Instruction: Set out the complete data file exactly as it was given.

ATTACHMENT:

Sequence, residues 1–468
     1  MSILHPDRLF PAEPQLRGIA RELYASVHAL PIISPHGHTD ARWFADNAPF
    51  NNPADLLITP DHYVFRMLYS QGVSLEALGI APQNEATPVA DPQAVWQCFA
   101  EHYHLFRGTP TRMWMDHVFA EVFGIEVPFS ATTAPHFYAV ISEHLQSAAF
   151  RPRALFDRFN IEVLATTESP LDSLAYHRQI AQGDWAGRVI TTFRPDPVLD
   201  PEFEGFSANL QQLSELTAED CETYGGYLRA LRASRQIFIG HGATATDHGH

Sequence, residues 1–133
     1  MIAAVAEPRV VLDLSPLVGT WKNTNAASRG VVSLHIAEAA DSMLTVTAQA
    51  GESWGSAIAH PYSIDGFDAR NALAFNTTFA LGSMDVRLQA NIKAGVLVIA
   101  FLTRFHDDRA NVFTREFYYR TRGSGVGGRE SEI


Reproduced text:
Sequence, residues 1–468
     1  MSILHPDRLF PAEPQLRGIA RELYASVHAL PIISPHGHTD ARWFADNAPF
    51  NNPADLLITP DHYVFRMLYS QGVSLEALGI APQNEATPVA DPQAVWQCFA
   101  EHYHLFRGTP TRMWMDHVFA EVFGIEVPFS ATTAPHFYAV ISEHLQSAAF
   151  RPRALFDRFN IEVLATTESP LDSLAYHRQI AQGDWAGRVI TTFRPDPVLD
   201  PEFEGFSANL QQLSELTAED CETYGGYLRA LRASRQIFIG HGATATDHGH

Sequence, residues 1–133
     1  MIAAVAEPRV VLDLSPLVGT WKNTNAASRG VVSLHIAEAA DSMLTVTAQA
    51  GESWGSAIAH PYSIDGFDAR NALAFNTTFA LGSMDVRLQA NIKAGVLVIA
   101  FLTRFHDDRA NVFTREFYYR TRGSGVGGRE SEI